These results indicate that the amount of solar energy received from as early as panicle initiation until crop maturation is important for the accumulation of dry matter during that period. The accumulation of starch in the leaves and culms begins about 10 days before heading. Starch accumulates markedly in the grain during the 30-day period of grain production. With irrigation, the dry-season rice yields in the tropics (11 tons per hectare reported at IRRI) should be similar to those reported for the temperate region (12.5 tons per hectare). From the photosynthetic point of view, IRRI is trying to convert C3 rice to C4 one. If it is successful then 25-50% more rice can be produced with less water and less fertilizers. The Bill-Melinda Gates Foundation (BMGF) has financially helped to IRRI for this Apollo Project. The project says ” Feeding the World with C4 Rice “.
In Terai and Inner Terai of Nepal two crops of rice can be grown i.e. early (dry) and monsoon (wet) season rice. The average rice productivity experienced from long periods in early (dry) season was 3.5 t/ha in the normal (monsoon) season at the Hardinath Agriculture Farm (now National Rice Research Program) located in the Dhanusha, Terai region of Nepal. This farm receives 600 calories per square centimeter per day of solar radiation after flowering in early (dry) season rice but the unit of solar radiation is 500 calories per square per day only after flowering in main/monsoon/normal/wet season rice. Because of the higher intensity of solar radiation, the productivity of early rice is 20-25% higher than the monsoon/wet season rice.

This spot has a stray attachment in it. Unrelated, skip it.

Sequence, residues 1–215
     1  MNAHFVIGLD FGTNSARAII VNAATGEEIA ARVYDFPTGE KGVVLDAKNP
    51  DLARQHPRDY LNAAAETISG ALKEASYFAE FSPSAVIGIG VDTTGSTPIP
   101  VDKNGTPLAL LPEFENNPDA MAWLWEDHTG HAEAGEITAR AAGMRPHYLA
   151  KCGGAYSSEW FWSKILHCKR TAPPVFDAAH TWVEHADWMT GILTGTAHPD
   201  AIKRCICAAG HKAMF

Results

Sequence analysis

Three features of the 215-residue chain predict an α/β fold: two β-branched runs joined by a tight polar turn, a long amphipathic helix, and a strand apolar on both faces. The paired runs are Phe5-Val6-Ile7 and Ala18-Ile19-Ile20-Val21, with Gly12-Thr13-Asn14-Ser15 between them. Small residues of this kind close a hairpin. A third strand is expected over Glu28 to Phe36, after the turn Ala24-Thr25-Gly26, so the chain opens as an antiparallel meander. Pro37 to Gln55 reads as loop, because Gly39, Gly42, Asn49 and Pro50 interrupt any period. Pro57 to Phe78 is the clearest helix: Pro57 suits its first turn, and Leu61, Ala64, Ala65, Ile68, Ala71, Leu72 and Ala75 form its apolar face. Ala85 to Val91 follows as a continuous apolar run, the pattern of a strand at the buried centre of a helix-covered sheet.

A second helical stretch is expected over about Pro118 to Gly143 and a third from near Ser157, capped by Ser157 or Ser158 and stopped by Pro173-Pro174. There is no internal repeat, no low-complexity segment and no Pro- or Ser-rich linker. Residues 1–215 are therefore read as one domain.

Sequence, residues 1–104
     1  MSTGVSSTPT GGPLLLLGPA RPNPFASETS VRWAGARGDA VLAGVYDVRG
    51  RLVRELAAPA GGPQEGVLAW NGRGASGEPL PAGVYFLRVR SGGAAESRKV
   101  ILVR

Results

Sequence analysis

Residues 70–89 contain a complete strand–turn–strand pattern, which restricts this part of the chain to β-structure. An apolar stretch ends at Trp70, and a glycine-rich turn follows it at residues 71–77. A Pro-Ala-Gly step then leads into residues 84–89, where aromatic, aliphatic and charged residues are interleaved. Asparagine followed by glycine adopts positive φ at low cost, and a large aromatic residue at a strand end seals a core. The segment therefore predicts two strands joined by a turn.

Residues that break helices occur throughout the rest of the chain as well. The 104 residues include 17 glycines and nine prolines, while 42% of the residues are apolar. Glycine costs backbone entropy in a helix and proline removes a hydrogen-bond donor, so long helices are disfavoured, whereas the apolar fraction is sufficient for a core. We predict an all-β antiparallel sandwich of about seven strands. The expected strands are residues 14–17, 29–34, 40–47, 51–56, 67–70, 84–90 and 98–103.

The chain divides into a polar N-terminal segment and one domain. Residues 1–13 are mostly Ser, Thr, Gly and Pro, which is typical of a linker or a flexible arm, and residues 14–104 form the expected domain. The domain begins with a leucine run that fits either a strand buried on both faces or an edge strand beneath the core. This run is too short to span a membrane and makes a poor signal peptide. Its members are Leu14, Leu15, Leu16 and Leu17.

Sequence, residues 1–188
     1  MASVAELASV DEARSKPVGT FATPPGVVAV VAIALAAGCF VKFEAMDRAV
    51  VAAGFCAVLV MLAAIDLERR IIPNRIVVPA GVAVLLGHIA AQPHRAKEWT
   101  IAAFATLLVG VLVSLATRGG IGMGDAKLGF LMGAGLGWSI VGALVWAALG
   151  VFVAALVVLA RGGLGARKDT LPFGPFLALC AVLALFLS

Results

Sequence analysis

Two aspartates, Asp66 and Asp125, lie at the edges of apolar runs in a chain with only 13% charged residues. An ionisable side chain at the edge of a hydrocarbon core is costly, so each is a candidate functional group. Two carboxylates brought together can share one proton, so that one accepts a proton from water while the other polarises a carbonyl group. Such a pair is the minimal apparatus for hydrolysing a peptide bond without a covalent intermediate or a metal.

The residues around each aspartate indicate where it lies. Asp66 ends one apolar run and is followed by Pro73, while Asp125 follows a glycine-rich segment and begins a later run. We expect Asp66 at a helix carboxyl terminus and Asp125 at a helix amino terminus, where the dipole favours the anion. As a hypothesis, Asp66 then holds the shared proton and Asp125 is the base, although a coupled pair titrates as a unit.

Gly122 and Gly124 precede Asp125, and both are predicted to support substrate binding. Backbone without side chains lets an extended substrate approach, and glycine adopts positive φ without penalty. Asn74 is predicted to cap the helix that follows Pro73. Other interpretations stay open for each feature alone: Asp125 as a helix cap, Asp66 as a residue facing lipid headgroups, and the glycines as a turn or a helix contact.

The requirements of solar radiation with rice crop differs from one growth stage to another. Shading during the vegetative stage only slightly effects yield and yield components. Shading during the reproductive stage, however, manifests a pronounced effect on grain number. The shading during ripening reduces grain yield considerably because of a decrease in the percentage of filled grains. Solar radiation at the reproductive stage has the greatest effect on grain yield; that at the ripening stage, the next highest effect; and that at the vegetative stage, an extremely small overall effect.
It is already a well-known fact that ample solar radiation in the reproductive as well as in maturing period is indispensable to get high yields of rice. That is why, Australia, Italy and the United States of America used to get higher rice productivity due to the very strong solar radiation in the maturing period of these countries. Rice is grown under more diverse environmental conditions than any other food crop in the world.
In the tropics, solar radiation is higher in the dry season than in the wet season. Consequently, the productivity per hectare per day of rice during dry season is usually higher. The excessively cloudy weather during the wet season is often considered a serious limiting factor to rice production in monsoon Asia.
However, rice varieties with high-yielding potential can manifest their full capacity when enough size of producer (source: Leaf Area Index) and receiver (sink: grains) of photosynthetic products are formulated and then allowed to function. Environmental factors including cultivation practice affect varietal performances through their effect on the source and sink. The varieties with high yielding potential tend to have a higher sink/source ratio than the traditional varieties.
Therefore, climate- smart farmers must have to know the distribution pattern of solar radiation in the different months of the year, so as to increase rice grain yields by coinciding the reproductive as well as ripening stages during higher intensity of solar radiation. This is really no-cost technology and thus the farmers will be greatly benefited by following this technique without spending extra money. Solar radiation is the free-gift of nature and certainly helps to end hunger.